On March 30, 2022, UKIPO’s Designee issued a decision emphasizing that “bad faith” cannot be presumed by UKIPO in trademark applications unless relied upon in an opposition action or in nullity by a third party concerned. In the most simplistic terms, “bad faith” can be defined as when an individual or company acts dishonestly and engages in behavior that does not conform to normally acceptable business standards. It is however a rather broad concept, where all the factors of importance relevant to the case will be taken into account.
The ruling considered an appeal after it was alleged that a candidate’s celebrity football player nominations were in “bad faith”. The designated person referred the case to UKIPO; considering that it was not for the UKIPO to presume bad faith and, since bad faith had not been invoked by a third party concerned during opposition or invalidity proceedings, the Registrar would have rather had to go to court.
Global Trademark Services Ltd (the ‘Applicant’) applied for the registration of trade marks representing the names of famous footballers imposed on crests imitating the clubs where they had played. These included the names of Thierry Henry, John Clark, Willie Wallace and Ronaldinho.
Henry is a former French international player famous for his time as captain of Arsenal and “that” handball against Ireland in 2009. Ronaldinho remains one of the most famous players of all time for his career in the Brazilian national team and Barcelona, and as one of the best freestyle footballers to ever play the game. He’s also starred in some fantastic Nike commercials (we especially like the airport one, the crossbar challenge and his child skills). Clark and Wallace both played for Celtic and won the European Cup (also known as the UEFA Champions League) in 1967. Ask any Celtic fan and they’ll tell you that Clark and Wallace are as famous as Henry and Ronaldinho.
The markings not only mimic the crests of the players’ former clubs, but in the case of Henry and Ronaldinho, they also style distinctive silhouettes associated with the players.
A UKIPO Hearing Officer confirmed an earlier series of ‘bad faith’ objections by the Registrar to the Henry and Ronaldinho Requests (the ‘Requests’). The Hearing Officer found that the Claimant could not register the marks without the consent of Henry and Ronaldinho themselves and, given the lack of explanation of the claims, he “owed the Registry a plausible explanation for [the] application to rebut the presumptionfor having acted in bad faith.
The Hearing Officer accepted the claimant’s argument that there is no right of publicity or personality, or the right to protect a person’s image or likeness in the UK, but rather disputed the risk that it would be wrong to register the marks for fear of “serious risk of bringing the trademark registration mechanism into disrepute”. Instead, the plaintiff’s submissions, including the fact that he had already filed numerous similar marks, indicated that he was acting in “bad faith” and that the claims were not genuine.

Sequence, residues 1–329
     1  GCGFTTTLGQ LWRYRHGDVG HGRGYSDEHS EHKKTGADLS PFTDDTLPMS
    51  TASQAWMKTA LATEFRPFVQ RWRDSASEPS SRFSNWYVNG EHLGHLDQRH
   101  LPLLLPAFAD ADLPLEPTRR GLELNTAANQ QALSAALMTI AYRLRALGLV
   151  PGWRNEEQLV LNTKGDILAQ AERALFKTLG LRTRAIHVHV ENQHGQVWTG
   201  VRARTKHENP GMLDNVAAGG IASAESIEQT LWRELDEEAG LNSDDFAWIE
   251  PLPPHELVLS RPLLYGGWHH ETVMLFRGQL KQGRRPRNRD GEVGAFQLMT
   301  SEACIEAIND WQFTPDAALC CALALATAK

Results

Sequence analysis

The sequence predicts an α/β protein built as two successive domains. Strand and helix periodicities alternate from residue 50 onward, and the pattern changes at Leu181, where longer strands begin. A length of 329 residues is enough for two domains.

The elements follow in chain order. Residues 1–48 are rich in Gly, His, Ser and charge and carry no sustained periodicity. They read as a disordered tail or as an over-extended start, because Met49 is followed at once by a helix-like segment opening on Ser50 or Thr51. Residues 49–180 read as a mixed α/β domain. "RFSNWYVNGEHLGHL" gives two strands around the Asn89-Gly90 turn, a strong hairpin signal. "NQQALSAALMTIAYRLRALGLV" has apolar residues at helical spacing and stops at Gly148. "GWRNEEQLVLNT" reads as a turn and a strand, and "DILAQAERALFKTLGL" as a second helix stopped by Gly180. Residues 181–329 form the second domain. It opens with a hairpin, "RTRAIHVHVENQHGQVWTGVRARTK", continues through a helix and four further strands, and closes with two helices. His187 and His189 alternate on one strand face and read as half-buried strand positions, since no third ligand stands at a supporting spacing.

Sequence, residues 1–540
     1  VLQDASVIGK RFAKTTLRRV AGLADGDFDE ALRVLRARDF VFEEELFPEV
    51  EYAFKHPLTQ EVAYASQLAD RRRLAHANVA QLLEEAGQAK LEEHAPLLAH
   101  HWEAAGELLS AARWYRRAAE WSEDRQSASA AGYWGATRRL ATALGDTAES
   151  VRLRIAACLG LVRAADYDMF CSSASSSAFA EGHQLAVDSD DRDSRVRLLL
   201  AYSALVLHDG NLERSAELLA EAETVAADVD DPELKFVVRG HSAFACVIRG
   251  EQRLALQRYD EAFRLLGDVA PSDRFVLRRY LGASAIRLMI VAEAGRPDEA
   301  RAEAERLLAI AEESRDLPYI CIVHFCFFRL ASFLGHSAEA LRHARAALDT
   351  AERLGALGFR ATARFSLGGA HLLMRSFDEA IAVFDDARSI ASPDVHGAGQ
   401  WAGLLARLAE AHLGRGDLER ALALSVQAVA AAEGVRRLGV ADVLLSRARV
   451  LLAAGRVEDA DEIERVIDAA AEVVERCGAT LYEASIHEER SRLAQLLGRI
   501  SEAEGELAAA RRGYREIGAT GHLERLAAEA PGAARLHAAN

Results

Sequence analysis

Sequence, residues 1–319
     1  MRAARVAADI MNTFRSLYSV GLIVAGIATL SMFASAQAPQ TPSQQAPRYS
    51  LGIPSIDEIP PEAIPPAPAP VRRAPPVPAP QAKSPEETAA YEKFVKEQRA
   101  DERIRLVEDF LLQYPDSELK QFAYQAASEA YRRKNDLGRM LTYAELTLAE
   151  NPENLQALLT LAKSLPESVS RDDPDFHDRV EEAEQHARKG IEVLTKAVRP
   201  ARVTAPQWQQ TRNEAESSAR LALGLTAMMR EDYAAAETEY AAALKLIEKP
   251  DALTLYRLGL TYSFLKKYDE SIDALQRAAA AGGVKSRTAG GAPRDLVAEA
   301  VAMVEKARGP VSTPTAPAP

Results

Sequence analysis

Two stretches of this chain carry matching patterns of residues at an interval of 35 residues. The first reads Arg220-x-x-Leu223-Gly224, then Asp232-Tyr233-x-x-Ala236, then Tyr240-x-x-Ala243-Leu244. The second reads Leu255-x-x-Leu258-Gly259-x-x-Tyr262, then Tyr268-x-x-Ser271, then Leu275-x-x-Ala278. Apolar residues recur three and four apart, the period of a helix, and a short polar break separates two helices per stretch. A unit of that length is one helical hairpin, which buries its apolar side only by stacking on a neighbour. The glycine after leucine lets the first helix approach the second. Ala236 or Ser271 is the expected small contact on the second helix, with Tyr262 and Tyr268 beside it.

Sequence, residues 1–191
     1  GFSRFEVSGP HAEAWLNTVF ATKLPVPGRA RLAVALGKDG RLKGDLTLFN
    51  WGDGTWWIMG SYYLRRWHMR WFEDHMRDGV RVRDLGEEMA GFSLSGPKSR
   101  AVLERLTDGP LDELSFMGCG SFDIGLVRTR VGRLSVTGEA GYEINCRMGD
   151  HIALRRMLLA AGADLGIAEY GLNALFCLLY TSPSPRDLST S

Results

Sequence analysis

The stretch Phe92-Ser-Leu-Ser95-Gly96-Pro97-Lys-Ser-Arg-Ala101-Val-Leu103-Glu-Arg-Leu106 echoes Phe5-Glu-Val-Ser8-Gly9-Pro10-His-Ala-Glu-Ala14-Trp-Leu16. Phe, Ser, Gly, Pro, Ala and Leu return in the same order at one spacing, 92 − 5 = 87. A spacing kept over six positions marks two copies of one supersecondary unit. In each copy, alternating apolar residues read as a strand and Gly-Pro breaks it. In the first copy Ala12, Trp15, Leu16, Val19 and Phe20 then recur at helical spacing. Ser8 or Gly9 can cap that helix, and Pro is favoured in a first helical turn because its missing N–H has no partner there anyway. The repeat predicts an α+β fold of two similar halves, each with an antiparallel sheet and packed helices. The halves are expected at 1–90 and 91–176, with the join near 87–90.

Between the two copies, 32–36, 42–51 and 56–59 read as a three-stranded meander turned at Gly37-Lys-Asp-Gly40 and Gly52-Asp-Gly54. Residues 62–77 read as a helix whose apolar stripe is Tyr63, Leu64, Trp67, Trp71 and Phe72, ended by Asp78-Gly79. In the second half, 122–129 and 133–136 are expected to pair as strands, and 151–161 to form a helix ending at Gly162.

The plaintiff appealed under section 76 of the Trade Marks Act 1994, arguing that the Registrar’s objections were flawed, and then sought amendments to the class specification to restrict the claims.
At the Named Person hearing, Hobbs QC asked the Registrar to submit to him that his decision was 1) consistent with the Applicant’s right to an independent and impartial tribunal and 2) consistent with the principles set out in Sky Ltd v SkyKick UK Ltd which understands, among other things, that when a court finds objective circumstances that raise a rebuttable presumption of lack of good faith, it is up to the plaintiff to provide plausible explanations in support of his claim. Hobbs QC found that on both counts the earlier rulings were wrong.
Hobbs QC criticized previous approaches by the Hearing Officer and Registrar that they considered bad faith when this was not raised in any opposition to the applications. He cited Section 47(4) of the Act, which requires the Registrar to apply to the court for a declaration of invalidity of a registration and pointed out that “the court clerk is not authorized to assess the merits of the bad faith objection that he himself has raised: he is required to refer the matter to the court”. Hobbs QC summarized that any natural or legal person can raise objections on the basis of bad faith, and that an opponent need not be the owner of an identical or similar mark. However, assuming bad faith, the Registrar had effectively become an adversary of the Applicant and had acted outside his powers.
At a high level, the decision also provides a very useful summary of key case law in this area; covering Trump International Ltd v DTTM Operations LLC, Moreira v EUIPO (NEYMAR) EU, and Sky Ltd v SkyKick UK Ltd – these relate respectively to the extent of vigilance and investigation required by the Registrar, the ability to presume bad faith based on the behavior of an applicant and the key legal principles when considering bad faith in trademark applications.
In short, the decision suggests that bad faith cannot be presumed by UKIPO in trade mark oppositions and invalidity actions where it has not been raised by the parties during the opposition proceedings.
The case has been returned to UKIPO for reconsideration and we eagerly await developments.